Sacred Heart’s ESL program hosts the world

Members of the 2012 summer ESL class

Bishops, curia staff and many others among Sacred Heart’s ESL alumni

There is hardly a community in the congregation that is more international than the ESL community at Sacred Heart School of Theology in Hales Corners, Wis. Approximately 25 percent of the congregation has studied in the program including members of the General Curia and SCJ bishops (among them, the congregation’s most recently ordained bishop: Claudio Dalla Zuanna, SCJ).

“The ESL program is the perfect place to learn about the congregation and about living in another culture,” said Frater Jonathan Schneiders, SCJ. He, and fellow Brazilian Frater Sergio Matumoto, SCJ, were a part of the ESL community in preparation for their current studies and ministry in the Philippines.

“It was the best preparation I could have had for being a part of an international congregation,” he continued. “It was like a ‘little picture’ of the congregation. In the morning I would have breakfast with someone from Indonesia and at lunch I would sit at a table with SCJs from Poland.”

The ESL (English as a Second Language) program began informally in 1986 when a teacher from a Milwaukee university was asked to help prepare an Indonesian SCJ for graduate studies in Chicago. “I worked with him through the summer,” said Allegra Troiano, who now works for the U.S. Peace Corps. “However, I didn’t think of it as the start of a long-term program.”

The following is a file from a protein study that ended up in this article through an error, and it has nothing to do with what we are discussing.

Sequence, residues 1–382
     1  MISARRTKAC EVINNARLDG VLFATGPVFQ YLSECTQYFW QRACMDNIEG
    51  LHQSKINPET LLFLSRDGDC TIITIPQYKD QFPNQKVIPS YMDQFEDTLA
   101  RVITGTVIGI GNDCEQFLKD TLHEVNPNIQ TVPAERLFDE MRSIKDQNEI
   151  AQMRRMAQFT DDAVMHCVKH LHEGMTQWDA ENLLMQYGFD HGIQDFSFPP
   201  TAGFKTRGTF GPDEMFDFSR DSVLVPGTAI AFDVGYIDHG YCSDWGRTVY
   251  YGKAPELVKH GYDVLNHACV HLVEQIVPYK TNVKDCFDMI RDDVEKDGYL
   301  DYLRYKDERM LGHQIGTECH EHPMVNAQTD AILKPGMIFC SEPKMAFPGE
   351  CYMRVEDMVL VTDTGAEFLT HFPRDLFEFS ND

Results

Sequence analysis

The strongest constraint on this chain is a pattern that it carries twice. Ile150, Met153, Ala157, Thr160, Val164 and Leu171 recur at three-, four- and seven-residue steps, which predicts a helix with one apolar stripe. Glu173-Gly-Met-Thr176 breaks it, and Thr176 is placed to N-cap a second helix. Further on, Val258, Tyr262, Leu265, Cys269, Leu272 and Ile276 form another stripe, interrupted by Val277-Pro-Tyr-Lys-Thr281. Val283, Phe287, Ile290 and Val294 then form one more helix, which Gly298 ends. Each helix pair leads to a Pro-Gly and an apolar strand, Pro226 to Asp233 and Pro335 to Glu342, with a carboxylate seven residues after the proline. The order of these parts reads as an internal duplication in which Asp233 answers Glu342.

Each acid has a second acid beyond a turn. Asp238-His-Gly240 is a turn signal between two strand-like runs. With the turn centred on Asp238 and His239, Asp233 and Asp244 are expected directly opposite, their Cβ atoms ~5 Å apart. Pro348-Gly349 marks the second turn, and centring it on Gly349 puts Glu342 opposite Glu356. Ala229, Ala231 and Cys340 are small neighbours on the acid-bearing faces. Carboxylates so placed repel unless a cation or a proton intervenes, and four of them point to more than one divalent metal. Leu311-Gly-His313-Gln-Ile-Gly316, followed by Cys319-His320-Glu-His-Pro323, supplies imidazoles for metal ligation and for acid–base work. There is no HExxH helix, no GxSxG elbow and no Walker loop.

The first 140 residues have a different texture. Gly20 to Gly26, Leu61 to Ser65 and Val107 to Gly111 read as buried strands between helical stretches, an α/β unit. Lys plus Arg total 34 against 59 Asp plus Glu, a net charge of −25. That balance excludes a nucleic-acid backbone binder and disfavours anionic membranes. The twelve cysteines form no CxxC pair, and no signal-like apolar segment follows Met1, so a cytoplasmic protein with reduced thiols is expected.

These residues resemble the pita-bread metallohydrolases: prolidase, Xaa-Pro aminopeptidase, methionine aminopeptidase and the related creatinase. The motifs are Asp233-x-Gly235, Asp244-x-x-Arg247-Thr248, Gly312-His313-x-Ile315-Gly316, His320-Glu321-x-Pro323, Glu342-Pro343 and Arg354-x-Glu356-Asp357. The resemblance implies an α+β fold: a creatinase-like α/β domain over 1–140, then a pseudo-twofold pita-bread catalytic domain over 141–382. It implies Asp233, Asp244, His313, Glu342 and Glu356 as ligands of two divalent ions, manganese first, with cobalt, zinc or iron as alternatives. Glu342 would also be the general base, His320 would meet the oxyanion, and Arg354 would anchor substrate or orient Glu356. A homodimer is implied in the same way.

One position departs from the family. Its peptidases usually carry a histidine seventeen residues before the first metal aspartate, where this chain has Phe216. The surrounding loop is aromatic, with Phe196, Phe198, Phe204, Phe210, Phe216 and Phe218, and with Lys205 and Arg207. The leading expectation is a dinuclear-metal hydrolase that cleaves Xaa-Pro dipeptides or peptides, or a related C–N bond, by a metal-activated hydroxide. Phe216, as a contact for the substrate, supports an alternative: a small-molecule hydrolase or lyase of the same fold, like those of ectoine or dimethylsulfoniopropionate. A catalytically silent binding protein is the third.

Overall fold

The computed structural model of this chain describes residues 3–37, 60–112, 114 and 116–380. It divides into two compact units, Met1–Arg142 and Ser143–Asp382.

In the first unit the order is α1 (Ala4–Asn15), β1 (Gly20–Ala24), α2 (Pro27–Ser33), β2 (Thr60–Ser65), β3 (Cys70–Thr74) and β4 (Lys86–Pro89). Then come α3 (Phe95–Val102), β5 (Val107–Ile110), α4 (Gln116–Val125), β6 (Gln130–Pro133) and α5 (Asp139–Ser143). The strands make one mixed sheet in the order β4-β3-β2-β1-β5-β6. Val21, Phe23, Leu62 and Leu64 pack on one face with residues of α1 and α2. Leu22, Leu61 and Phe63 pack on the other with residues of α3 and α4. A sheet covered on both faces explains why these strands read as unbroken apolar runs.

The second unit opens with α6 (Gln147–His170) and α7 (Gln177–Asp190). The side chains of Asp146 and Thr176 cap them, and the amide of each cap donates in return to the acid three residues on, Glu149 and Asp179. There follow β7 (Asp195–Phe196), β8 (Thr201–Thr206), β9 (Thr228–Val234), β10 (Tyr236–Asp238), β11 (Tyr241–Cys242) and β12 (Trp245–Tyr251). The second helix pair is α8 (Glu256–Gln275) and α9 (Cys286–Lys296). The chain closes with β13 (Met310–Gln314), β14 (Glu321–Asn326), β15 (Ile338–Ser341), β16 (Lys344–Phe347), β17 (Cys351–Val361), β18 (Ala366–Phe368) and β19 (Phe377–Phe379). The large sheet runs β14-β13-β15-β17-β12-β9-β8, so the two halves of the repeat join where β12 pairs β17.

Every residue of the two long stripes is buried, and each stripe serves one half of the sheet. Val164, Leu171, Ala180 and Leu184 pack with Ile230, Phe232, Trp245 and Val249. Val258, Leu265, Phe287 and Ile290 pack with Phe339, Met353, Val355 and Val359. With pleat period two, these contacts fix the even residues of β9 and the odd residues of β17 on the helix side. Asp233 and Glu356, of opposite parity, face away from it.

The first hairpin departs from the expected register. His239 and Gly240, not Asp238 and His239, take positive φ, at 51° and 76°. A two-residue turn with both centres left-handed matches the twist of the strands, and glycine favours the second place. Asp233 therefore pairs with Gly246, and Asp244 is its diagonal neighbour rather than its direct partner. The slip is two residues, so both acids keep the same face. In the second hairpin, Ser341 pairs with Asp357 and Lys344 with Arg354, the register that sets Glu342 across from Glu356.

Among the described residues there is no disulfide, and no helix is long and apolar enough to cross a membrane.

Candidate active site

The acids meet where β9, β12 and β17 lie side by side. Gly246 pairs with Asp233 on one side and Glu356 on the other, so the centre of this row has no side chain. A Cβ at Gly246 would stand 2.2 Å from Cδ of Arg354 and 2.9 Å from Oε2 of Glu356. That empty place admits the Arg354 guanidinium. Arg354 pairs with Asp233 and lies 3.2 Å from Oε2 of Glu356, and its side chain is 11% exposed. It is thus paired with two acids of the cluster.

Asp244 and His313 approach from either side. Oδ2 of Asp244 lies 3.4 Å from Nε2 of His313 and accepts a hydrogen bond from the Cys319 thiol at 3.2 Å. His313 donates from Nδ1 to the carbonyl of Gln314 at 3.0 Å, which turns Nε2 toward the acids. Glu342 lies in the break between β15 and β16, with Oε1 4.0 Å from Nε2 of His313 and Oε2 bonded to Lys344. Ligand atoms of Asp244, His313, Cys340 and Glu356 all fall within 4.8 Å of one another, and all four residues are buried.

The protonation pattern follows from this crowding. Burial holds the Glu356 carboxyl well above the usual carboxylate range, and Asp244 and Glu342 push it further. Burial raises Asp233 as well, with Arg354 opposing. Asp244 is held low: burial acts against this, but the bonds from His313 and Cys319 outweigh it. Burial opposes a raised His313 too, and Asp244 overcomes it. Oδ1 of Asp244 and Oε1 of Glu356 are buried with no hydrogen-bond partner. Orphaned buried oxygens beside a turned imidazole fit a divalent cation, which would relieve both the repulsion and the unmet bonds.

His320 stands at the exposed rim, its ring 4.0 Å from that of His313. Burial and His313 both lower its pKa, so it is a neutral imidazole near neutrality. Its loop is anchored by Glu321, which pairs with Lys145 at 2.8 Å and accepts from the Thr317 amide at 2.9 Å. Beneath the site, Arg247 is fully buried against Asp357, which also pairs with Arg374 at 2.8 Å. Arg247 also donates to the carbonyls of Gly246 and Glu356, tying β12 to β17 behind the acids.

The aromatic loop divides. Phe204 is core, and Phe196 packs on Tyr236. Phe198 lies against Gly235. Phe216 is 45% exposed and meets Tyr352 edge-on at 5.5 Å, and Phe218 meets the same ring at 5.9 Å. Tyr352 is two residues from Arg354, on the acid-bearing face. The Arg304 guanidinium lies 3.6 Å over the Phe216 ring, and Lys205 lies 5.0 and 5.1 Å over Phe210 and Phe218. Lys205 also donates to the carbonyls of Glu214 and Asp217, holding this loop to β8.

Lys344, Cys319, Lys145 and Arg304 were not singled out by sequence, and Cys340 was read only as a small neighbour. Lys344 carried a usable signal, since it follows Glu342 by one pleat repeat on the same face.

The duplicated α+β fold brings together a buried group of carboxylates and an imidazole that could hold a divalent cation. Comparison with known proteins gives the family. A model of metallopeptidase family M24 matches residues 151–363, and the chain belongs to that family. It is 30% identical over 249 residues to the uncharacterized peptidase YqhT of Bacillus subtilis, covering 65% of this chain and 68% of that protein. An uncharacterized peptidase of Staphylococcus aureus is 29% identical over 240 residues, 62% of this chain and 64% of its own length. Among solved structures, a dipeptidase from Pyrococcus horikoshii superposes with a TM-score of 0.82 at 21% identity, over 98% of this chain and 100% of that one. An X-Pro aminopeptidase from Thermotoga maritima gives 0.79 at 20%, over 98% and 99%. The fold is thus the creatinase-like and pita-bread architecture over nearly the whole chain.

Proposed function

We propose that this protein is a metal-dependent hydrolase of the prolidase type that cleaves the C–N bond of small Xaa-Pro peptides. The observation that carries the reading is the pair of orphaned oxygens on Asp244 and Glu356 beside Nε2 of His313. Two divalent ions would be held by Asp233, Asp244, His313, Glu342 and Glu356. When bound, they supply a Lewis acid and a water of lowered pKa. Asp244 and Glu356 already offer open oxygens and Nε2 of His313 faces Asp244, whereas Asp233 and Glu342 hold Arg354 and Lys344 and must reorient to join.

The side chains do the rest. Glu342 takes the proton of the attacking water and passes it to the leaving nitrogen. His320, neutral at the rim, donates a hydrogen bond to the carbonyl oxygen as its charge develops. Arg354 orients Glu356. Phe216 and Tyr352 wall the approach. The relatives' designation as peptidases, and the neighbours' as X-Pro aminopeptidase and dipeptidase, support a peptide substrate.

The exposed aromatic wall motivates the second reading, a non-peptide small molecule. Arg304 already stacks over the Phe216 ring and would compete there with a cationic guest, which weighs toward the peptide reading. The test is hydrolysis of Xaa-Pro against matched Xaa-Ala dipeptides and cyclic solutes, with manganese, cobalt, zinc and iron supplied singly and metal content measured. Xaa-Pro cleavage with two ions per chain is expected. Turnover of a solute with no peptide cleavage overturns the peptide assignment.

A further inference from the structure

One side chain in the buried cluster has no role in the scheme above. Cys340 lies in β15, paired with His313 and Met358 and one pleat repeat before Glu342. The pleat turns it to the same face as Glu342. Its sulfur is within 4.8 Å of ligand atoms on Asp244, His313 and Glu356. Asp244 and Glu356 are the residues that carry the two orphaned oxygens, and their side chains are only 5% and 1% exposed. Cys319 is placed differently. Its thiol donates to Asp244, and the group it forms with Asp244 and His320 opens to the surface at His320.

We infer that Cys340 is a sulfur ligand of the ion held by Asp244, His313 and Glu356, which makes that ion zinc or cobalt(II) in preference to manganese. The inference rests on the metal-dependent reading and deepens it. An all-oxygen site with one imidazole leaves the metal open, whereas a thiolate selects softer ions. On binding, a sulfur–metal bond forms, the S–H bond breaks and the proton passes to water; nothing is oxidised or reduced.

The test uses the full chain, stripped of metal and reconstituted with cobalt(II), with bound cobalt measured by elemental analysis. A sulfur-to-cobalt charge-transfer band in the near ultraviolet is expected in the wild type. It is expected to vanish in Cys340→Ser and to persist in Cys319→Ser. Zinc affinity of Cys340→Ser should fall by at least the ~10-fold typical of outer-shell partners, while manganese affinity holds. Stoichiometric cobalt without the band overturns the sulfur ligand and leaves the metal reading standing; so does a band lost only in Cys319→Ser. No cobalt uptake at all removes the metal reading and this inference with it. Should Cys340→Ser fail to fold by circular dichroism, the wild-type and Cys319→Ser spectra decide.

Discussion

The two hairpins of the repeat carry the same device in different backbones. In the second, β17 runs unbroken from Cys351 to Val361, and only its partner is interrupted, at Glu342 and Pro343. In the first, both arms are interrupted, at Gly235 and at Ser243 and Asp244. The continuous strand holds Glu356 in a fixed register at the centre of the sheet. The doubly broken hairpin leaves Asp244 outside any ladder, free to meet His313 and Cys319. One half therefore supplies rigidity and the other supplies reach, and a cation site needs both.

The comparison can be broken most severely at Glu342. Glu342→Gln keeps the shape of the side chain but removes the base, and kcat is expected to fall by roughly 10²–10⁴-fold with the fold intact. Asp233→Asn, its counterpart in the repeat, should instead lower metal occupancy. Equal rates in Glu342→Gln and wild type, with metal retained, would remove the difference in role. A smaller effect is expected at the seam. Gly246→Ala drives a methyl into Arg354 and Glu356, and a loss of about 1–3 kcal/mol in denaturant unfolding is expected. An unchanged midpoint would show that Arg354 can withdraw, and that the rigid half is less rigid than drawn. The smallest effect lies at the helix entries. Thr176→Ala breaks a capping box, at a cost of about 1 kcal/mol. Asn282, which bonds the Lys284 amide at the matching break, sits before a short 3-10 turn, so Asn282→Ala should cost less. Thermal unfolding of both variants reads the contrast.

But soon she received another call and this time it was to help two Polish SCJs learn English in preparation for ministry in South Africa. One of those students went on to become the bishop of De Aar: Bishop Adam Musialek, SCJ. Twenty-five years ago the then newly-ordained priest said something that has been echoed many times since then:

“We are far from home, but still at home. We are among our community. We have the same spirituality, same history of the congregation.”

After the Poles it was an international group of SCJs preparing for the congregation’s new mission in the Philippines. Ranging in age from 28 to 52, they included men from Argentina, Italy, Germany, the Netherlands, Poland, Indonesia and Great Britain. English was to become their common language.

Indonesian students sing during liturgy at SHST

Program established full-time

In 1990 the U.S. Province made a full-time commitment to the ESL program. Sacred Heart Monastery/School of Theology has been welcoming SCJs from around the world ever since.

“The ESL program was very important for me because I was able to improve my English,” said Frater Jonathan. “Academically, it was important. But more importantly we experienced some of the many cultures of the congregation.”

Coming together, often without a common language beyond the English they are all learning, SCJs in the ESL program have a few extra challenges in maintaining community life.

“I don’t speak Spanish, so if I didn’t speak English, Fr. Jésus and I could not communicate,” said Fr. Christoph Cinal, SCJ, a Polish SCJ who was a part of the ESL community during his sabbatical in 2009. Fr. Jésus Manuel Baena Valbuena, a Spanish SCJ, was preparing for ministry in India.